With the spotlight now firmly focused on Equifax, other security vulnerabilities are being found – for example, Brian Krebs discovered a poorly secured portal used by Equifax employees in Argentina that left sensitive data at risk. Expect to hear more headlines about Equifax’s security being found wanting.

If you think you might be affected by this, and if you’re an American adult who has taken out at least one line of credit at least once in your life, you could well be, what can you do? The consensus advice seems to be to:

  1. Check your credit report to make sure nothing bad has already happened
  2. Freeze your credit file, not just with Equifax, but with all the agencies.
  3. Ask Equifax if you are affected
  4. Consider taking out identity theft protection – it’s not all that likely to save you from bad things happening, but will really help you put the pieces back together if things do go wrong

Lots of people took the advice to freeze their credit files, resulting in the websites for doing so getting overloaded to the point of going down a few times. Also, credit agency TransUnion changed their website, making it harder to find the right place to apply for a freeze on your file.

This breach is not just about one agency messing up, it also serves to highlight a bigger problem with the whole system, and even with the concept of social security numbers themselves. The last two links below are to opinion pieces that look at the bigger picture.

Links

Notable Security Updates

  • Patch Tuesday has been and gone with critical updates from Microsoft and Adobe including patches for Windows & Flash. The Windows fixes include a patch for the second so-called FinSpy zero-day exploit – krebsonsecurity.com/… & nakedsecurity.sophos.com/…

Notable News

  • A security researcher has publicly disclosed serious vulnerabilities in a number of D-Link routers without first privately disclosing the details to D-Link. The flaws are serious enough that the advice is that owners should stop using the routers immediately, and since the models in question are no longer on sale, it’s not clear there will ever be patches released – nakedsecurity.sophos.com/…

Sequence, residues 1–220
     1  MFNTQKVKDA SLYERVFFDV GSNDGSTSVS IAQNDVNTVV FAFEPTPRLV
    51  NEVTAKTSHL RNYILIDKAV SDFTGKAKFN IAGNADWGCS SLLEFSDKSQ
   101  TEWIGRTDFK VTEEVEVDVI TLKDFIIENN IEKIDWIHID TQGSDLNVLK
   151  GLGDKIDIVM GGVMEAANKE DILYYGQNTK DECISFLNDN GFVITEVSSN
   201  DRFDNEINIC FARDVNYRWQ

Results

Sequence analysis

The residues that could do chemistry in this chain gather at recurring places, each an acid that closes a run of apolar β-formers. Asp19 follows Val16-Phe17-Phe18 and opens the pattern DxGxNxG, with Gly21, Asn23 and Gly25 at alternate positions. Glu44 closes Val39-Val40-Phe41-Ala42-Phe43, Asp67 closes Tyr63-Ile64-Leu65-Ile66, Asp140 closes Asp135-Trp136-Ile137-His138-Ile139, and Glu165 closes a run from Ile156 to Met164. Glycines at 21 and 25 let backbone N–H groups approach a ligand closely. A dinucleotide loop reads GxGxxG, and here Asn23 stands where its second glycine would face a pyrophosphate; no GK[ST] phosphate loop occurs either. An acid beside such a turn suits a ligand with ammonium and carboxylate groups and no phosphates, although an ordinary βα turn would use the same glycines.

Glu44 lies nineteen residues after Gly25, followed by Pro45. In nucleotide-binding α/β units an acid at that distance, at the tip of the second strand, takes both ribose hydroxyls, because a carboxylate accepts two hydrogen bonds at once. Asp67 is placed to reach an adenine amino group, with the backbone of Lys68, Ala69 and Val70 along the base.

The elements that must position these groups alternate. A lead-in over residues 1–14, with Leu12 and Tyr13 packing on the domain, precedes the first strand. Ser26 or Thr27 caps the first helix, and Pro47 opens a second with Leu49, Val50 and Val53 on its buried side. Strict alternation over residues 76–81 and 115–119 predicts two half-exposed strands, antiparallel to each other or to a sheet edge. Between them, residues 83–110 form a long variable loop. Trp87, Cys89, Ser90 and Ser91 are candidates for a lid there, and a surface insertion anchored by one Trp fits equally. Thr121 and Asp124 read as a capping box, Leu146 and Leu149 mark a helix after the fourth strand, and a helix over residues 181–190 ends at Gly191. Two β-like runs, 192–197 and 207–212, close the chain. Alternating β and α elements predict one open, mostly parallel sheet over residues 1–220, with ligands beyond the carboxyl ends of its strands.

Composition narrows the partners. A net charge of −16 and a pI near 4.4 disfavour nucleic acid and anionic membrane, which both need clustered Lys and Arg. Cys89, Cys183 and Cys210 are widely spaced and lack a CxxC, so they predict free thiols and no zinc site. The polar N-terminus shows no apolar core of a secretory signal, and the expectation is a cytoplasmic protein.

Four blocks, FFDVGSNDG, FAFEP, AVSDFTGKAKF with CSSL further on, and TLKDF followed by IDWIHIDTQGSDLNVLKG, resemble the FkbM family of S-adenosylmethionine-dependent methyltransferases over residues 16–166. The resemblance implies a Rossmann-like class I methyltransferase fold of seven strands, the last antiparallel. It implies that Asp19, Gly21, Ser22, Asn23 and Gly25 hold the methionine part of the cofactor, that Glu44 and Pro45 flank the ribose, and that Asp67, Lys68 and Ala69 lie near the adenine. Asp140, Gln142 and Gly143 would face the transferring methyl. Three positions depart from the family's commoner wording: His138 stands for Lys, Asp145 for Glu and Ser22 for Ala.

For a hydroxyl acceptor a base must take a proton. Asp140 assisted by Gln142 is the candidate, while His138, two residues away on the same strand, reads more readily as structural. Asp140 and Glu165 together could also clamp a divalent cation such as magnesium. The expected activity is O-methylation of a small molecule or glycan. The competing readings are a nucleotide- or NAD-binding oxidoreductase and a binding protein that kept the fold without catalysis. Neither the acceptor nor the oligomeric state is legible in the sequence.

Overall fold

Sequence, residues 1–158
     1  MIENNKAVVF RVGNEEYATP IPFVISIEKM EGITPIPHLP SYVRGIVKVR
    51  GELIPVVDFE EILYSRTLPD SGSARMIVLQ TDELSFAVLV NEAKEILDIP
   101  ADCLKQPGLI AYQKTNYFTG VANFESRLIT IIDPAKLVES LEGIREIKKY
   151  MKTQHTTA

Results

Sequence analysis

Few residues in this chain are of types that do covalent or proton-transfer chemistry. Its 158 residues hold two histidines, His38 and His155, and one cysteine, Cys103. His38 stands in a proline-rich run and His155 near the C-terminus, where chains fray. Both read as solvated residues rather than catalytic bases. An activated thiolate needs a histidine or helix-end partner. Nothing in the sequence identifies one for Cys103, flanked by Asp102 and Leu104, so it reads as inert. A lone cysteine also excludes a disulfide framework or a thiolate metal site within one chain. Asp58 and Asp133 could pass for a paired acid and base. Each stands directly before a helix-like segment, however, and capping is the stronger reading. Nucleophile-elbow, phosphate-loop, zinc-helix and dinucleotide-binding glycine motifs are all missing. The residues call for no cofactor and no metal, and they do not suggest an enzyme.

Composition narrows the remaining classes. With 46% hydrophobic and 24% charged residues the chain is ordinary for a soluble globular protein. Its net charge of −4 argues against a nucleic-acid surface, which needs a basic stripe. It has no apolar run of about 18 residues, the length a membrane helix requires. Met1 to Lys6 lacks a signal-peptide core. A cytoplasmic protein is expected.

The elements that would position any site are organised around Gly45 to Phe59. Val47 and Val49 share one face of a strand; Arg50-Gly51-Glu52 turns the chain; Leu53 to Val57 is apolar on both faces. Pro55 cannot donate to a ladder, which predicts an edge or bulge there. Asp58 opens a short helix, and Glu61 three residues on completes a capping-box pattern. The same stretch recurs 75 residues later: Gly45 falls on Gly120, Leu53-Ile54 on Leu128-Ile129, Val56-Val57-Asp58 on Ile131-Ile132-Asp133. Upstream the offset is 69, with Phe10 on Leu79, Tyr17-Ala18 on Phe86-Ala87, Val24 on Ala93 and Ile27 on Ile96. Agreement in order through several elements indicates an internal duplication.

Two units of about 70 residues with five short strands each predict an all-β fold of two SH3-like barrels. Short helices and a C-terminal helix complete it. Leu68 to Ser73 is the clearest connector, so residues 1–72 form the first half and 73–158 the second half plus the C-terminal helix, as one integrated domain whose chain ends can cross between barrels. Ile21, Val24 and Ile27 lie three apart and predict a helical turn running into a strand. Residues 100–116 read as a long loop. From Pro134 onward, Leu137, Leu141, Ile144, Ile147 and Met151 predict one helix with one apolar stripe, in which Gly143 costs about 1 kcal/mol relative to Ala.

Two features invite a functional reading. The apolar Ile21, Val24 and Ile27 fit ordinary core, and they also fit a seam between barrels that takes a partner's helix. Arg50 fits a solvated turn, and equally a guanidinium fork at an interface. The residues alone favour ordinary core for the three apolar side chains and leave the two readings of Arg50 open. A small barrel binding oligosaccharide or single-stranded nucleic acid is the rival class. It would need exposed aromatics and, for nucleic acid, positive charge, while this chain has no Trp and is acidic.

• US District Court Judge Lucy Koh in the Northern District of California rules that the threats presented by the possibility of future identity theft are real enough to give data breach victims standing to sue under US law. The ruling came in a case relating to the massive Yahoo! breach-cluster of the last few years, but it could have much broader ramifications – nakedsecurity.sophos.com/…
  • Security researchers reveal a new security problem for Android – bugs in many of the boot loaders used by the various chip manufacturers who make Android devices. The collection of separate vulnerabilities has been given the catch name BootStomp. Thankfully exploitation of these bugs is quite difficult, so, at least for now, ordinary users don’t appear to be in much danger, with targeted attacks against high-value targets being much bigger concern – nakedsecurity.sophos.com/…
  • Facebook admit they sold US political ads to foreign agents, something expressly forbidden under US election laws (for obvious reasons) – daringfireball.net/…
  • The US government has banned the user of Kaspersky software on government computers over Russian espionage fears (we’ve seen this before with bans on hardware from Chinese companies like Huawei) – www.washingtonpost.com/… & arstechnica.com/…
  • This year’s Windows 10 update (dubbed the Creators Update) will boost the OS’s privacy controls, bringing it more into line with what we’v come to expect from mobile OSes like iOS and modern versions of Android – arstechnica.com/…
  • iOS 11 will require a passcode be entered to initialise a connection to a computer – biometrics will not be sufficient. This is being seen as a fresh barrier to government overreach – nakedsecurity.sophos.com/…
  • The US Cert issued a warning about BlueBorne, a critical Bluetooth vulnerability that allows an attacker take control of affected devices. The vulnerability affects Windows, iOS, Android, and Linux. Patches are available for each of those OSes, but many Android phones and Linux-based IoT devices may never receive those patches – www.kb.cert.org/…
  • Facebook has announced that it will pull its disaster-related tools together into a single Crisis Response Hubnakedsecurity.sophos.com/…
  • Put a pin in this one – The ACLU & the EFF have teamed up to sue the US DHS over warrantless device searches at the US border – nakedsecurity.sophos.com/…

Suggested Reading

That’s going to wind this up for this week. Don’t forget to send in your Dumb Questions, comments and suggestions by emailing me at allison@podfeet.com, follow me on twitter @podfeet. Remember, everything good starts with podfeet.com/. podfeet.com/patreon, podfeet.com/facebook, podfeet.com/googleplus, podfeet.com/amazon! And if you want to join in the fun of the live show, head on over to podfeet.com/live on Sunday nights at 5pm Pacific Time and join the friendly and enthusiastic NosillaCastaways. Thanks for listening, and stay subscribed.